From left to right: postulants Crawford Bennett, Jim Bernard, Steve Kuehn, Adolfo Navarro, Mitchell Ortiz and Nicholas Carbuto show their tickets to the Mass. (Photo courtesy of Ron Pecci)

Christian Seno, OFM, like several HNP formation students, attended both Wednesday’s Mass and the Mass of Thanksgiving for the Canonization of St. Junípero Serra on Thursday morning. He said, “It was a wonderful experience, a great follow-up to the excitement of the Canonization Mass with Pope Francis the day before. It was moving to celebrate with Fr. Michael Perry, as well so many of our Franciscan brothers and sisters, including a delegation from St. Junípero’s hometown of Petra, Spain.”

Jud Weiksnar, OFM, of Buffalo, N.Y., said he went to Washington to see Pope Francis from the West Lawn of the Capitol, not realizing that “there would be about 25,000 other people there, but it was still a great experience.” An added bonus, he said, “was that despite being past the application deadline, the Archdiocese of Washington gave me a pass to be a concelebrant at the Canonization Mass.”

For Jud, highlights included “seeing Francis, albeit from a bit of a distance, and feeling the wave of energy that pulsed through the crowd, and hearing his address to Congress while standing outside within a few hundred yards of where he was speaking. I appreciated his every word, and realized that most of what the pope was saying in D.C., we’ve been hearing from Holy Name Province’s JPIC Office for years.” Jud was also pleased to find out “that a person who was videotaping me was not from Homeland Security, but was doing a documentary for Nuns on the Bus. And she remembered meeting our Student Leaders in Camden, N.J., two years ago.”

The pope’s most important message, said Jud, “was that things can change. People admire him so much because of being multi-dimensional. There is so much in him for people of different backgrounds and different faiths to admire.”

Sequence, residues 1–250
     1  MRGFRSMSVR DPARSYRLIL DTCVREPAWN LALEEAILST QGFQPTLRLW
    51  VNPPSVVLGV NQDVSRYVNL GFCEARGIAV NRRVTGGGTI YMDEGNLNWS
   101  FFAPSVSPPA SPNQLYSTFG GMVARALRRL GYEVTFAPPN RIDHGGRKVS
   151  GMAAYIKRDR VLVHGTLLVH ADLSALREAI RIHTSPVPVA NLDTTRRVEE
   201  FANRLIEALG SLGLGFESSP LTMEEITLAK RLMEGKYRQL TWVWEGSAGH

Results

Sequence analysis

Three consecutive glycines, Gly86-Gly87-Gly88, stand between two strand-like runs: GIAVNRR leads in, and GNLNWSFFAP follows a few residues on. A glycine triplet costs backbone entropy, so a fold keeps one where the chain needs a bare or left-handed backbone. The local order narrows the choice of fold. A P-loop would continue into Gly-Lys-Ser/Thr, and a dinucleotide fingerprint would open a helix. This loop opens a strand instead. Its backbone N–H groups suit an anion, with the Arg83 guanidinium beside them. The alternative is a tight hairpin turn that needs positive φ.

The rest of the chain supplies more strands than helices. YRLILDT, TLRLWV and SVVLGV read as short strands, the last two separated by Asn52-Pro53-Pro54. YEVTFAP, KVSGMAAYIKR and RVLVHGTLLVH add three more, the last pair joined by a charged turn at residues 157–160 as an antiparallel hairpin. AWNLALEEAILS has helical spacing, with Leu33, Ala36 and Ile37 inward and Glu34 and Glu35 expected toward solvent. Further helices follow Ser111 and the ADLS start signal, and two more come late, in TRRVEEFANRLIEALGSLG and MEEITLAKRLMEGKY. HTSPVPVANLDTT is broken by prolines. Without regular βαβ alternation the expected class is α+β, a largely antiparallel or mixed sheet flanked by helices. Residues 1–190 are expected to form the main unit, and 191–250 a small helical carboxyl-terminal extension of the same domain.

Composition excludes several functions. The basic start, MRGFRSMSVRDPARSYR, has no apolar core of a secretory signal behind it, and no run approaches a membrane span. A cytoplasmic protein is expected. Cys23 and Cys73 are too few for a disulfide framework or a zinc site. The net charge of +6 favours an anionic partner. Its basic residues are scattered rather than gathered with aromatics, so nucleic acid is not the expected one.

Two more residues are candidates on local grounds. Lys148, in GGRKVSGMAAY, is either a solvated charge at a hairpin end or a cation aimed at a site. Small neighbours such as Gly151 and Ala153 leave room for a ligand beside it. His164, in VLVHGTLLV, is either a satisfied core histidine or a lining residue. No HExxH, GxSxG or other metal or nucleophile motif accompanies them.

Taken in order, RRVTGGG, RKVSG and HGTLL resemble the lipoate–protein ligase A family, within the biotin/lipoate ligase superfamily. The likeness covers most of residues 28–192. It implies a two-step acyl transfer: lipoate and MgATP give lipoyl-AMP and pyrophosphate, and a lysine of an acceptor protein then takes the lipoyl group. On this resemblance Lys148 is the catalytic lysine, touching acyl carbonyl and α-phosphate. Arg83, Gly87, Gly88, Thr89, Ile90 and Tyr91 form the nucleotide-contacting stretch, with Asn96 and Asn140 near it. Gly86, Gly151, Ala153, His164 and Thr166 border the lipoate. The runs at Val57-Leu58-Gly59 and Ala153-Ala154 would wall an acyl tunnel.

Basil Valente and Michael Harlan at St. Patrick’s Cathedral before Vespers with Pope Francis. (Photo courtesy of Basil)

New York City
Pope Francis began his visit to the “Big Apple” on Sept. 24 with Evening Prayer at St. Patrick’s Cathedral. Among the friars there was Provincial Vicar Lawrence Hayes, OFM, who said, “The energy and enthusiasm that Pope Francis engendered throughout his visit to the United States was palpable in St. Patrick’s Cathedral.”

He continued, “The fully-packed cathedral, gleaming brightly for its newly-renovated debut, pulsed with an excitement that swelled to near delirium as Francis made his way down the main aisle at the start of the Vesper service. In his message, Francis exhorted clergy and religious to ground their lives in gratitude and hard work, not measuring success by worldly criteria but rather by the standard of the cross. His recognition of the signal contribution of U.S. religious sisters in their living-out of the spirit of Vatican II on the front-lines of ministry in this country, and his personal expression of gratitude to them for their life and witness, was a well-deserved and timely reminder of what religious life still has to offer the world in our day.”